Somatic Therapy

Somatic Therapy

Prior to an altered state experience, we’ll work together to help you feel prepared and at ease about the journey. It is often helpful to enter these experiences with a set of intentions or goals. Together, we’ll identify what these are, process any questions or doubts you may have, and discuss what steps you will take after the experience to make the most of it.

You are likely to emerge from your experience with new wisdom and understanding, as well as new questions and areas for growth. First and foremost, we can offer you a space to download and discuss these things in a safe and nonjudgmental space. Then, we can support you in processing any difficult or upsetting insights that may have arisen, dig into the meaning and application of your unique experiences, and find ways to carry your new wisdom and awakening into the future.

Integrating Somatic Therapy

Also known as somatic experiencing and somatic experiencing therapy, somatic therapy incorporates the mind, body, and spirit into therapeutic healing work. Somatic therapy aims to treat the effects of PTSD and other mental and emotional health issues through the connection of mind and body and uses a body-centric approach.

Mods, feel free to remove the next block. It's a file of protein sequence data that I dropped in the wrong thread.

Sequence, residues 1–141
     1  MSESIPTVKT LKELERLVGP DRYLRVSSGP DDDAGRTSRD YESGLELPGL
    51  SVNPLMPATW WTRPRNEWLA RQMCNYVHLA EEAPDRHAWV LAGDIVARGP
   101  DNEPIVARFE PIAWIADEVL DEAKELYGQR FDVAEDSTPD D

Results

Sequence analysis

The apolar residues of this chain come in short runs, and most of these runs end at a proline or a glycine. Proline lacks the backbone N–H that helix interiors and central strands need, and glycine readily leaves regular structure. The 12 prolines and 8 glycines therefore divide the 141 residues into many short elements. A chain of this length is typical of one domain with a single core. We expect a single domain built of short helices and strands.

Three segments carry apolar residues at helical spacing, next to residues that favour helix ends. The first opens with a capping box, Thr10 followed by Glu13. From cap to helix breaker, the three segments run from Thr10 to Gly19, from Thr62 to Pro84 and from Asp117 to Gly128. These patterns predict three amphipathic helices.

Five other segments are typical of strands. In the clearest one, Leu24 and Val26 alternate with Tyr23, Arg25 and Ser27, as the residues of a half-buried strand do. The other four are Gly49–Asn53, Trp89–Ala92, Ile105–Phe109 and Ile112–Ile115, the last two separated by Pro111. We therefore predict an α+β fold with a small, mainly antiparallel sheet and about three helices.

Unlike standard mental health therapy types like CBT which focus prominently on the mind, somatic therapy incorporates body-oriented modalities such as dance, breathwork, and meditation to support patients through their healing journeys. In addition, somatic experiencing therapy sessions include talk therapy and mind-body exercises.

This therapy aims to help release how a physical body holds on to stress, tension, and trauma, rather than only resolving problems verbally.

Types of Somatic Therapy*

*Some of the services listed are provided by our team, and for some, we refer to outside specialists

  • Sensorimotor psychotherapy: A comprehensive therapy that uses the body as both a source of information and intervention targets.
  • The Hakomi Method: Psychotherapy integrates scientific, psychological, and spiritual sources, focusing on four core concepts: gentleness, nonviolence, compassion, and mindfulness.
  • Bioenergetic analysis: Body-psychotherapy that combines bodily, analytic, and relational work based on understanding energy.
  • Biodynamic psychotherapy: A combination of allopathic (medical) and holistic therapy modalities that include physical massage by the practitioner
  • Brainspotting: In addition to mind and bodywork, this therapy incorporates eye positioning to retrain emotional reactions.